WASHINGTON, DC – Today, Congressman Jared Moskowitz (D-Florida) and Congressman Mario Diaz-Balart (R-Florida) sent a letter to Secretary Denis McDonough urging the U.S. Department of Veterans Affairs to allow burials that are consistent with Jewish values, customs, and laws.
As of now, there are significant hurdles for Jewish families to get accommodations at VA cemeteries. Under Jewish law, it is considered disrespectful for the deceased to lie in wait, but some veterans are waiting more than two weeks between death and burial. Additionally, it is customary in Jewish culture for loved ones to fill the grave by hand. However, at VA cemeteries, this is done by workers and machinery, and loved ones have no part in completing the burial.
“Jewish veterans risked their lives every day for our freedom and prosperity. It’s only right that their families can have a burial service that honors them properly. I greatly admire the VA for their dedication to burying veterans with respect and dignity. However, there are critical issues that still need to be addressed so that every family can have the closure they deserve,” said Moskowitz.
The family of Barry Landsberg contacted Moskowitz’s office seeking help in getting accommodations for Barry’s burial. Immediately, Moskowitz and his team got to work and raised this issue directly to the VA Secretary.
“Barry was a patriot who loved his country and was proud of his Jewish faith. When we buried him, it was only proper that we recognized both of these facts. However, the accommodations given to Jewish veterans just do not do justice to the heroes we’re trying to honor. Burying a loved one is already difficult enough. The last thing families need are unbendable rules that conflict with our faith. After 61 years of marriage, I wanted to honor Barry’s wishes to be buried at the VA cemetery with Jewish burial rites.,” said Evelyn Landsberg.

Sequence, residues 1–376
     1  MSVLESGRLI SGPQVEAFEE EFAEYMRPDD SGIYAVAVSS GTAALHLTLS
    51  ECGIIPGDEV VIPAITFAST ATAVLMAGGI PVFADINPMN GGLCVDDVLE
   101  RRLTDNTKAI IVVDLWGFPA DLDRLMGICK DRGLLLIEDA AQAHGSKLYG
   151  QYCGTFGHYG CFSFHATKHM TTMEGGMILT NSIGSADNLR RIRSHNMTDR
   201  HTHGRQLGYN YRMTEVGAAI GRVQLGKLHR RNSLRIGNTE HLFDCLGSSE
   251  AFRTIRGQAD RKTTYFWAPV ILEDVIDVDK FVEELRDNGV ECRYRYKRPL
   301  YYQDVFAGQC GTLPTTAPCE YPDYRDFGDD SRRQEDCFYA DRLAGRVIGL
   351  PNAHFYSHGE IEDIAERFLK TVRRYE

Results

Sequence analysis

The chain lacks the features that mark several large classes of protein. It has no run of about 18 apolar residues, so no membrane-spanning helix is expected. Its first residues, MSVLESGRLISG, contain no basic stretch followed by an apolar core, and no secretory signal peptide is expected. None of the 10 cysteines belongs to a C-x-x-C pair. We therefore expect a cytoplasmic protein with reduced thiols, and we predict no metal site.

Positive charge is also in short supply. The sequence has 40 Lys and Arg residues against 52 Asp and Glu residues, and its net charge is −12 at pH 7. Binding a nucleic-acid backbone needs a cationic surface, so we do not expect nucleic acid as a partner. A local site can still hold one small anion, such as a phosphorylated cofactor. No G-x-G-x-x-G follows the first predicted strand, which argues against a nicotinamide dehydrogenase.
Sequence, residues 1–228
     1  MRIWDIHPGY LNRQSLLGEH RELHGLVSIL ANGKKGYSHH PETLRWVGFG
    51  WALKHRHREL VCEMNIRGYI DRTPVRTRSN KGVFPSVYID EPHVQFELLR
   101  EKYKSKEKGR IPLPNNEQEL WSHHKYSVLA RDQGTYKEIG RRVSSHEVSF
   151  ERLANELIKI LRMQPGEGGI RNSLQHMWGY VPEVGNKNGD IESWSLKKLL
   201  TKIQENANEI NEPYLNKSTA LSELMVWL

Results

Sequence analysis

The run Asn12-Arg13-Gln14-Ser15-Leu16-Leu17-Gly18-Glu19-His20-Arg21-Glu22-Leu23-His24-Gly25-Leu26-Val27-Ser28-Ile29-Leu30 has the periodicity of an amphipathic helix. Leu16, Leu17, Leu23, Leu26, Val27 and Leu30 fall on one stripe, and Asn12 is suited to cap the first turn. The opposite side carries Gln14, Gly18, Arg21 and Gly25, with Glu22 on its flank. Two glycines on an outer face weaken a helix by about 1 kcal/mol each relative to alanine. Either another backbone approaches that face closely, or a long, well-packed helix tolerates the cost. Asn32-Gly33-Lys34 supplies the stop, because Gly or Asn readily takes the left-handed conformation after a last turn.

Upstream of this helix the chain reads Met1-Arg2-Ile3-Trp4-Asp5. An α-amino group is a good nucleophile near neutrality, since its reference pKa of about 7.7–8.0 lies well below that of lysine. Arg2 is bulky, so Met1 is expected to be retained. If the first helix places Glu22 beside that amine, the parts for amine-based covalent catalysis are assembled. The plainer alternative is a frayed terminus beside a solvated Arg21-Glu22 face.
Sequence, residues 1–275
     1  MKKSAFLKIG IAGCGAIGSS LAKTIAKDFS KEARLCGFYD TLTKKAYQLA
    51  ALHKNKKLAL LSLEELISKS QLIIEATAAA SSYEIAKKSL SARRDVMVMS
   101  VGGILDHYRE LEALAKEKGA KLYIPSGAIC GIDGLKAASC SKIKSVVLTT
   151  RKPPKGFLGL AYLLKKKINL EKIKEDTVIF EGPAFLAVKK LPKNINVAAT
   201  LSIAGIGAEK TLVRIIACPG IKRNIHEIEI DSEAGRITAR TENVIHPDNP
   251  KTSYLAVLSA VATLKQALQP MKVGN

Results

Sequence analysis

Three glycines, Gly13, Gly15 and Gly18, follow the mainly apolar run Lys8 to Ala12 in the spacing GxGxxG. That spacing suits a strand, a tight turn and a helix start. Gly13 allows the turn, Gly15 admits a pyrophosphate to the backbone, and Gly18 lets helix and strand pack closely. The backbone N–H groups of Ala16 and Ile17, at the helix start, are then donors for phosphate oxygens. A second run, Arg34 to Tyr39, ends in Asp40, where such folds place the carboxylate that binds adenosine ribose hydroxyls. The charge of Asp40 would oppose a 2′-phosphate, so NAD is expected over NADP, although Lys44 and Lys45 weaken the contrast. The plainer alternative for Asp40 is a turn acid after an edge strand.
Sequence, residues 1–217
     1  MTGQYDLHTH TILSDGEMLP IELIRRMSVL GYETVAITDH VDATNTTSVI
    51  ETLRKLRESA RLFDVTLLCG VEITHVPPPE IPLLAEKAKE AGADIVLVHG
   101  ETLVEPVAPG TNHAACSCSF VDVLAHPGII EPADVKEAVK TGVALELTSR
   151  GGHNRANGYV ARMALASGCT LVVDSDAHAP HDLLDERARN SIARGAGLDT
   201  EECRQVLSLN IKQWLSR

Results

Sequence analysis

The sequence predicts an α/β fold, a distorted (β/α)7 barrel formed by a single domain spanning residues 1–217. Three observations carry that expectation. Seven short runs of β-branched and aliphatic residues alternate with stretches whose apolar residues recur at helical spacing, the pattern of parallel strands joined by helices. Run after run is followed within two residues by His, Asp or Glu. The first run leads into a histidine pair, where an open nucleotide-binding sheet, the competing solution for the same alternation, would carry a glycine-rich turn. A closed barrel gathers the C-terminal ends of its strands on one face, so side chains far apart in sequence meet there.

Moskowitz was joined by 9 other bipartisan members of congress, including: Mario Diaz Balart, Katie Porter, Becca Balint, Brad Schneider, Max Miller, Steve Cohen, Susan Wild, Josh Gottheimer, and Dan Goldman. A copy of the letter is found here and below:
The Honorable Denis McDonough
United States Department of Veterans Affairs
810 Vermont Avenue, NW
Washington, D.C. 20420
Dear Secretary McDonough,
We write to you to express our concerns with an important issue involving Jewish veterans. Many Jewish religious leaders have great admiration for the Veterans Administration’s dedication to burying veterans with respect and dignity that is consistent with Jewish values,customs, and laws. Unfortunately, while these traditions are recognized and valued, there are still several critical issues that should be addressed.
Firstly, according to Jewish law, it is considered disrespectful for deceased to lie in wait for burial. Burial is conducted at the earliest opportunity possible. There is concern that many Jewish veterans have two-plus weeks elapsed between time of death and burial ceremony.
The second issue is regarding time allotted for the funeral ceremony. Currently, a fifteen-to twenty-minute time slot is allocated for burial. Half this time is dedicated to the honor guard and flag presentation, a custom greatly appreciated by family members. The remaining seven and a half to ten minutes is left for the family to decide how to conduct the service, share memories, reflections, and condolences. Sadly, there have been many scenarios where there is not enough time to do the entire burial ceremony properly due to the backlog of burials, the committal shelters must be cleared immediately in time for the next service. There should not be any scenario where putting a loved one to rest for the final time should be rushed. Family members should be able to spend the time needed to properly say goodbye.
Lastly, one of the greatest signs of respect for the deceased is for the community members and loved ones to actively fill the grave by hand, using a spade. It is truly the final farewell to the deceased. In VA cemeteries, loved ones have no part in completing the burial. It is done by hired workers and machinery. This process is sacred for the Jewish community and a key part of the entire process.
The three issues of lie in wait times, time of order for the ceremony, and process of burial must be addressed because these are pivotal to Jewish burial, the same way that the VA honors its veterans with very specific rituals. The VA should allow and honor Jewish Veterans who pass away with the customs and practices that have been in place for thousands of years and coincide with the customs who have risked their lives to serve our great nation.
We appreciate your attention on this matter and look forward to working with the Administration to reform the ways we honor our veterans.
Bradley Scott Schneider
Max L. Miller